Skip to main content

Thank you for visiting nature.com. You are using a browser version with limited support for CSS. To obtain the best experience, we recommend you use a more up to date browser (or turn off compatibility mode in Internet Explorer). In the meantime, to ensure continued support, we are displaying the site without styles and JavaScript.

Weakening of tropical Pacific atmospheric circulation due to anthropogenic forcing

Abstract

Since the mid-nineteenth century the Earth's surface has warmed1,2,3, and models indicate that human activities have caused part of the warming by altering the radiative balance of the atmosphere1,3. Simple theories suggest that global warming will reduce the strength of the mean tropical atmospheric circulation4,5. An important aspect of this tropical circulation is a large-scale zonal (east–west) overturning of air across the equatorial Pacific Ocean—driven by convection to the west and subsidence to the east—known as the Walker circulation6. Here we explore changes in tropical Pacific circulation since the mid-nineteenth century using observations and a suite of global climate model experiments. Observed Indo-Pacific sea level pressure reveals a weakening of the Walker circulation. The size of this trend is consistent with theoretical predictions, is accurately reproduced by climate model simulations and, within the climate models, is largely due to anthropogenic forcing. The climate model indicates that the weakened surface winds have altered the thermal structure and circulation of the tropical Pacific Ocean. These results support model projections of further weakening of tropical atmospheric circulation during the twenty-first century4,5,7.

This is a preview of subscription content

Access options

Buy article

Get time limited or full article access on ReadCube.

$32.00

All prices are NET prices.

Figure 1: Spatial pattern of observed and modelled sea level pressure linear trends.
Figure 2: Summary of the linear trends in SLP gradient across the Indo-Pacific (ΔSLP) from observations and the various GCM historical radiative forcing experiments.
Figure 3: Observed and modelled evolution of ΔSLP since the nineteenth century.
Figure 4: Observed and modelled equatorial Pacific zonal-mean zonal wind-stress anomaly, < τx > , and equatorial thermocline depth anomaly, Ztc.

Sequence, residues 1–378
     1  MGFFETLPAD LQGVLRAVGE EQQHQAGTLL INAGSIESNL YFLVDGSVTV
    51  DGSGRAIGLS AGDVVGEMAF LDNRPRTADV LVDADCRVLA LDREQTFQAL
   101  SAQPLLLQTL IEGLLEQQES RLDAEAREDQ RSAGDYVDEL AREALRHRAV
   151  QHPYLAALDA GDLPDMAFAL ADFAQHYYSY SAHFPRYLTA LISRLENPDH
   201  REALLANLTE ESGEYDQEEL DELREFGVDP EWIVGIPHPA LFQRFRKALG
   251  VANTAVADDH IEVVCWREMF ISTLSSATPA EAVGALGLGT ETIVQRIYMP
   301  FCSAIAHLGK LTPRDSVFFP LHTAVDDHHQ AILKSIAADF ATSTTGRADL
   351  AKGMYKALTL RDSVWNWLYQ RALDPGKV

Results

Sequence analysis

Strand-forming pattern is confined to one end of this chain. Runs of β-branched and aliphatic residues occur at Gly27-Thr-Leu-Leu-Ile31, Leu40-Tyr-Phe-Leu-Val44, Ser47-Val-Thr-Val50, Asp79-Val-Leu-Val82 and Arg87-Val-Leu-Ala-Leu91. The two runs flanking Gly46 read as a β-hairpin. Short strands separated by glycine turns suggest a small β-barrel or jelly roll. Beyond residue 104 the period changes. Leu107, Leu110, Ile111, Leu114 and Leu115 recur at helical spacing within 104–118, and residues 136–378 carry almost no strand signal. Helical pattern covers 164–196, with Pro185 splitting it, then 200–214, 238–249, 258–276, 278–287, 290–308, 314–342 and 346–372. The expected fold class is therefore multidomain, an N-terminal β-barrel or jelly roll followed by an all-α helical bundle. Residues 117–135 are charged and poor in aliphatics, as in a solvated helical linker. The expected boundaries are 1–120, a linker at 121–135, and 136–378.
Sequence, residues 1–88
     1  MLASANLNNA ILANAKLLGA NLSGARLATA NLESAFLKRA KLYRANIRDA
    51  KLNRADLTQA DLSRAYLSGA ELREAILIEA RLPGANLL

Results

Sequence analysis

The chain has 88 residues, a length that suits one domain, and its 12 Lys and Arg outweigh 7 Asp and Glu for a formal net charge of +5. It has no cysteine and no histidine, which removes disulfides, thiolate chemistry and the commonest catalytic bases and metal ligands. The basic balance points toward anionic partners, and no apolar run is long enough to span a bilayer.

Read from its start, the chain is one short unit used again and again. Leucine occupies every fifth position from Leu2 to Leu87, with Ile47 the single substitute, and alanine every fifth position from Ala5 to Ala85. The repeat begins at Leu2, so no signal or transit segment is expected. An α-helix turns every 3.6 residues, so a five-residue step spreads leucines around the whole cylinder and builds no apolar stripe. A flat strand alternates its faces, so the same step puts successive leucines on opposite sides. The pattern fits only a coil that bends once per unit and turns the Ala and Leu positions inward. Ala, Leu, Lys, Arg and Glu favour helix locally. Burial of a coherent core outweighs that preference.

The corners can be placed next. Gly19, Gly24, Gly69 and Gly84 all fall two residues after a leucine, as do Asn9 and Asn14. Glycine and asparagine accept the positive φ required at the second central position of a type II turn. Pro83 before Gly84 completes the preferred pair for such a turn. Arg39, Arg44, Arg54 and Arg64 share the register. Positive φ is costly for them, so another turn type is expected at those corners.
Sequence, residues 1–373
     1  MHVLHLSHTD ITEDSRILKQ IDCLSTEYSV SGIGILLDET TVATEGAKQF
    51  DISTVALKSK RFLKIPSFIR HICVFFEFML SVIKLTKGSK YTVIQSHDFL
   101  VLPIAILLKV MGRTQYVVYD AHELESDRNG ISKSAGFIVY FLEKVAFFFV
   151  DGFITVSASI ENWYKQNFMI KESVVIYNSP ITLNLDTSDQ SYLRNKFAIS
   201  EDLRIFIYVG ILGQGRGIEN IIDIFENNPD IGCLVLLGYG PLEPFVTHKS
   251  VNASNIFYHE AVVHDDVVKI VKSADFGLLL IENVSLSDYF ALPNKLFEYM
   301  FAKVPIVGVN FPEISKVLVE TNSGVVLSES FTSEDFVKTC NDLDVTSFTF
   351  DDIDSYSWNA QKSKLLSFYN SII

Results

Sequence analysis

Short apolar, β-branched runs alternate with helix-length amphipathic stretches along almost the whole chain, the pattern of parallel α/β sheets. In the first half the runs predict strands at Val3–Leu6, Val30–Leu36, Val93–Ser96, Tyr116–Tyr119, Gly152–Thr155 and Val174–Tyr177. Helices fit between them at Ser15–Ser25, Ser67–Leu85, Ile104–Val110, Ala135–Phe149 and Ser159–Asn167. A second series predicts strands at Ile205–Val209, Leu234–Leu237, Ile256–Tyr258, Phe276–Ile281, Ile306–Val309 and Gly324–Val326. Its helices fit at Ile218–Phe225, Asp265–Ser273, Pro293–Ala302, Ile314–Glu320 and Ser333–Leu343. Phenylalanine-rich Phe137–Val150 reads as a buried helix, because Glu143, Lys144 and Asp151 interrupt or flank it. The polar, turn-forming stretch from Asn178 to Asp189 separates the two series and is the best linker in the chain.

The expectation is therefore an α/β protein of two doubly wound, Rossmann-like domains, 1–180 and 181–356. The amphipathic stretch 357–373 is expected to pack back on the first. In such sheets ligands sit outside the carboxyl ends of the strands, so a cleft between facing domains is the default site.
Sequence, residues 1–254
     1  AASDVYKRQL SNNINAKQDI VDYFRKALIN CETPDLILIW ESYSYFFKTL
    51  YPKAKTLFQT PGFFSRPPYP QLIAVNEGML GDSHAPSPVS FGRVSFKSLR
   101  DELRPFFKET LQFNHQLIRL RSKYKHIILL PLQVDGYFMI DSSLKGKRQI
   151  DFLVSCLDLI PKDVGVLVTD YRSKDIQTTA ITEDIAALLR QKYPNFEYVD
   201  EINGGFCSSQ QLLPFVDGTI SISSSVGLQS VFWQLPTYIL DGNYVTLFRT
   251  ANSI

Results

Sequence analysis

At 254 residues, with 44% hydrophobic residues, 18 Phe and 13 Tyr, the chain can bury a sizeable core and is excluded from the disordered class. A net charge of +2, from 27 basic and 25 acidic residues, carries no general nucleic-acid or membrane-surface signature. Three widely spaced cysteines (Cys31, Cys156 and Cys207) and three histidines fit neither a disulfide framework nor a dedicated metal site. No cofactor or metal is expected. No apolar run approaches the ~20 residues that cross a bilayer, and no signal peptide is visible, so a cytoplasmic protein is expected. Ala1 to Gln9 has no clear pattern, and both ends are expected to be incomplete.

References

  1. Houghton, J., et al. Climate Change 2001: The Scientific Basis (Cambridge Univ. Press, Cambridge, UK, 2001)

    Google Scholar 

  2. Rayner, N. A. et al. Global analyses of sea surface temperature, sea ice, and night marine air temperature since the late nineteenth century. J. Geophys. Res. 108(D14), 4407, doi:10.1029/2002JD002670 (2003)

    Article  Google Scholar 

  3. Knutson, T. R. et al. Assessment of twentieth-century regional surface temperature trends using the GFDL CM2 coupled models. J. Clim. (in the press)

  4. Held, I. M. & Soden, B. J. Robust responses of the hydrological cycle to global warming. J. Clim. (in the press)

  5. Knutson, T. R. & Manabe, S. Time-mean response over the tropical Pacific to increased CO2 in a coupled ocean-atmosphere model. J. Clim. 8, 2181–2199 (1995)

    ADS  Article  Google Scholar 

  6. Julian, P. R. & Chervin, R. M. A study of the Southern Oscillation and the Walker Circulation. Mon. Weath. Rev. 106, 1433–1451 (1978)

    ADS  Article  Google Scholar 

  7. Tanaka, H. L., Ishizki, N. & Kitoh, A. Trend and interannual variability of Walker, monsoon and Hadley circulations defined by velocity potential in the upper troposphere. Tellus A 56, 250–269 (2004)

    ADS  Article  Google Scholar 

  8. Webster, P. J. et al. Monsoons: Processes, predictability, and the prospects for prediction. J. Geophys. Res. 103(C7), 14451–14510 (1998)

    ADS  Article  Google Scholar 

  9. Deser, C. & Wallace, J. M. Large-scale atmospheric circulation features of warm and cold episodes in the tropical Pacific. J. Clim. 3, 1254–1281 (1990)

    ADS  Article  Google Scholar 

  10. Cane, M. A. & Sarachik, E. S. Forced baroclinic ocean motions, Part II: The linear equatorial bounded case. J. Mar. Res. 35, 395–432 (1977)

    Google Scholar 

  11. Barber, R. T. & Chavez, F. P. Biological consequences of El Niño. Science 222, 1203–1210 (1983)

    ADS  CAS  Article  PubMed  Google Scholar 

  12. Trenberth, K. E., Fasullo, J. & Smith, L. Trends and variability in column integrated atmospheric water vapor. Clim. Dyn. 24, doi:10.1007/s00382–005–0017–4 (2005)

  13. Soden, B. J., Jackson, D. L., Ramaswamy, V., Schwarzkopf, M. D. & Huang, X. The radiative signature of upper tropospheric moistening. Science 310, 841–844, doi:10.1126/science.1115602 (2005)

    ADS  CAS  Article  PubMed  Google Scholar 

  14. Boer, G. J. Climate change and the regulation of the surface moisture and energy budgets. Clim. Dyn. 8, 225–239 (1993)

    Article  Google Scholar 

  15. Allen, M. R. & Ingram, W. J. Constraints on future changes in the hydrological cycle. Nature 419, 224–228 (2002)